Business Case Study Presentation Tips And Tricks

When you’re presenting a business case, before you can get to that ultimate “yes,” you need buy-in from stakeholders. But to get that buy-in, you must present your case so stakeholders easily grasp the need, the solution (or solutions) you’re proposing and the benefits to your organization.

Here are some quick tips to consider both before and after your presentation to make your business case approval run as smoothly as possible.

Before your presentation

Get buy-in from stakeholders. It’s critical to have two people on your side: the head of the department that will lead the work on your project and the head of the department that will benefit the most from it. With these two people on board, you’ll greatly increase your chances of getting the green light.

Lay all concerns out on the table. Most questions you get at this point shouldn’t come as a surprise if you’ve thoroughly prepared your business case—but it’s always better to find out what concerns stakeholders have before your presentation. You don’t want a big surprise in front of a room full of decision makers!

Adjust your presentation in response to what stakeholders say. You may adjust a few numbers or change some bullet points, but whatever you do, let your stakeholders know you’ve addressed their concerns. That way, they can give your project their full support.

During your presentation

Take a deep breath. You’ve done your research, you’ve laid the groundwork and all you need to do now is present your well-prepared case. (Looking for some ways to make sure your next presentation is your greatest yet? Here are our five best tips.

Start with the need.If stakeholders don’t believe you’ve identified a real business need that’s connected to your organization’s strategic priorities, they’ll stop listening—or even cut your presentation short.

Typically, stakeholders will care most about ROI and how your project relates to strategic objectives—so be clear and concise when stating the business need, your solution and the impact your solution will have on your organization.

Here’s an example:

Our current AP processing procedure involves 15 manual steps. The time this takes means we’re losing prepayment discounts as a result (this is the need).

So I’m proposing a new ECM system that will store invoices and documentation, and will also automate our entire AP process (the solution).

When we get it deployed, we expect to see invoice payment times drop from 20 days to 48 hours—and we’ll recoup our investment in just six months (the impact on the business).

Mention risks, and then move on. Don’t fall into the trap of going deep into the risks, trying to convince stakeholders that you’ve accounted for every possible scenario. Just mention risks at a high level so everyone is aware you’ve considered them, and then move on. For example, “We thought about the costs of upgrading hardware, migrating from legacy systems and training, and have accounted for them.” If stakeholders want more detail, they’ll ask.

Showcase your subject matter experts. If you’ve worked with other people, be sure to mention them. For example, “Bob gave me these estimates for invoice approval times and feels confident they’re achievable.” If Bob is a superstar in his department, his endorsement will mean something. And if Bob’s boss is in the room, the fact Bob was a part of this project will mean something as well.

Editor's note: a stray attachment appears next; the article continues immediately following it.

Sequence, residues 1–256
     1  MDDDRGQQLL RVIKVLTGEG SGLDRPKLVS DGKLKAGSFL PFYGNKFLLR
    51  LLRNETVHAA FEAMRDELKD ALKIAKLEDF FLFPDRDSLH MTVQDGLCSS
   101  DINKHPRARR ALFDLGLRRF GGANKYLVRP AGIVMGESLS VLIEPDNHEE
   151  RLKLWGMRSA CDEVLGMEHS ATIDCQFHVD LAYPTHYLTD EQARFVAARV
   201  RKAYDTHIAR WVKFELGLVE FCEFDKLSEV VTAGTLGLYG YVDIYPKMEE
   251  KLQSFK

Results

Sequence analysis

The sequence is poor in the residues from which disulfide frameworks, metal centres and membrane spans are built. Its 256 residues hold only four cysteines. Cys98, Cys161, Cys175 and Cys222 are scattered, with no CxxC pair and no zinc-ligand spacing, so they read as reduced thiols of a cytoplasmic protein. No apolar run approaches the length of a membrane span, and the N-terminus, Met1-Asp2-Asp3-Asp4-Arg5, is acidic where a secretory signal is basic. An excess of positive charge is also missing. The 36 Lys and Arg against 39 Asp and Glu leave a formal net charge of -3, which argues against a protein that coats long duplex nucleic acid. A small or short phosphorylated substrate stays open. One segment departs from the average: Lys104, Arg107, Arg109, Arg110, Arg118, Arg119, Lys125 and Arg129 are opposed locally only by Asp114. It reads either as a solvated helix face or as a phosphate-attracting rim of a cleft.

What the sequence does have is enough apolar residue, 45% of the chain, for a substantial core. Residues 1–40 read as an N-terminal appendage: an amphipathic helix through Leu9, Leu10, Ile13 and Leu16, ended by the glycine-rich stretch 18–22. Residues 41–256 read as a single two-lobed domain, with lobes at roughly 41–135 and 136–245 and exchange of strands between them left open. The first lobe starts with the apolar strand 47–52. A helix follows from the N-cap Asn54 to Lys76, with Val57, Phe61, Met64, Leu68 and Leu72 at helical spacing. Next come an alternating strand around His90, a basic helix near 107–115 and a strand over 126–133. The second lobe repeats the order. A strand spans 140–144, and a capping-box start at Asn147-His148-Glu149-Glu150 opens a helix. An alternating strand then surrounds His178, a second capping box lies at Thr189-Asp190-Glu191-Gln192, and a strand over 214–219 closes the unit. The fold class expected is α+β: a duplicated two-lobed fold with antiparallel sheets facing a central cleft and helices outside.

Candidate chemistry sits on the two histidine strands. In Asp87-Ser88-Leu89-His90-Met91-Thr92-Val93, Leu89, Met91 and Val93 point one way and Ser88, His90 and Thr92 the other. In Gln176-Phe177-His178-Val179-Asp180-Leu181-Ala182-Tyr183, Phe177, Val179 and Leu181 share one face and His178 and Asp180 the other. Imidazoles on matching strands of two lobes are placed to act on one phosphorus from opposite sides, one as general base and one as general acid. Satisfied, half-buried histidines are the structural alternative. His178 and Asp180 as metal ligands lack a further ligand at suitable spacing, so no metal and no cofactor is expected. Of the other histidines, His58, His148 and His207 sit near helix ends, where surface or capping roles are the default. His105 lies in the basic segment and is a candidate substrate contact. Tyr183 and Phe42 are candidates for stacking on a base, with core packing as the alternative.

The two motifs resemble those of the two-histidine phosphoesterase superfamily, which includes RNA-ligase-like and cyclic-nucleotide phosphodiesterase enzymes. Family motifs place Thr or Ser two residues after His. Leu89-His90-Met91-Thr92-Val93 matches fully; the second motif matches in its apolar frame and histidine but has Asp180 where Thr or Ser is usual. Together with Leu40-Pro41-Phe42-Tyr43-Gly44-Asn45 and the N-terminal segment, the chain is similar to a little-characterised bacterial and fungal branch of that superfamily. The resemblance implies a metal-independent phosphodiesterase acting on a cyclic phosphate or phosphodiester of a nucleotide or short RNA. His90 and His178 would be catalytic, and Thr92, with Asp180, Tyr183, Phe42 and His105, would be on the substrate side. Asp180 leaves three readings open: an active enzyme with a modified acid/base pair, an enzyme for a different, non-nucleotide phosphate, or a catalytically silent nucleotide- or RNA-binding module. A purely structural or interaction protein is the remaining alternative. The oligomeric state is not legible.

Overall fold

Close your presentation on a high note. Remind stakeholders of a positive ROI, or highlight the benefits of your project. When you leave the room, you want your stakeholders to have a positive impression of you and the business case you’re proposing.

Ensure the success of your business case – check out the Document Management Software Justification Toolkit.

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17 Steps to Live Presentation Success [Case Study]

Have you ever noticed how certain speakers always give a great presentation regardless of what they’re talking about while others just read their slide deck, changing a few words to make it appear relevant?

In the pre-powerpoint presentation days I was at a industry conference listening to a top rated, bestselling author present. As he paced back and forth rarely looking at the audience, he dropped the organization’s name into the speech at pre-determined spots as if his talk was Mad Lib. I sat wondering how many times he had given the same tired speech.

While presentation tools have improved, the bottom line is that you’re the presentation. You need to impart knowledge your audience can grasp within your time frame and leave them feeling they’ve gained a few actionable things they can accomplish based on your talk.

Remember as a form of content marketing, your talk should be a promotion-free zone. It’s goal is to help establish you as an area expert. Here’s a 10-step plan to help you create a basic live presentation and 7 tips on making that presentation a success.

10 steps to create the basic live presentation

  1. Determine the presentation topic. Understand what the conference or meeting is about and how your presentation fits into the whole. This includes knowing who your audience will be, why they’re attending the event, and what their pain points are.  Remember a presentation is a communication, it’s not an opportunity to promote your company.
  2. Write the presentation brief.Create a short description of the presentation. Include a sexy title to lure people in and 3 benefits or take-aways. Skip the buzzwords. Give your audience the red meat information they’re seeking.
  3. Outline your talk. Granted we’re all creatures of habit who love to put off doing things until the deadline is upon us, but outline your talk while these conversations and ideas are fresh in your mind. This way you can jot down your thoughts and put some initial organization around them while the topic’s still fresh.
  4. Develop the easy parts first. Don’t force yourself to do slide 4 after slide 3. Instead build the slides that are easiest first and put placeholders where appropriate. If you’re using information from an existing presentation, at a minimum, change the visual image to make it feel fresh.